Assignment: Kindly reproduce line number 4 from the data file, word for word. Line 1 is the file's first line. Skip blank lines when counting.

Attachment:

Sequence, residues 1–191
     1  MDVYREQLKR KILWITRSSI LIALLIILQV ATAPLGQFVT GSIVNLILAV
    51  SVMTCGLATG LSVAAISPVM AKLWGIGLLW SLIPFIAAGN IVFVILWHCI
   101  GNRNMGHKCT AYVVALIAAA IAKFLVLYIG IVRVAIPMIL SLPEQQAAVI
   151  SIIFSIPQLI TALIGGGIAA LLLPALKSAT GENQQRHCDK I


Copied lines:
   101  GNRNMGHKCT AYVVALIAAA IAKFLVLYIG IVRVAIPMIL SLPEQQAAVI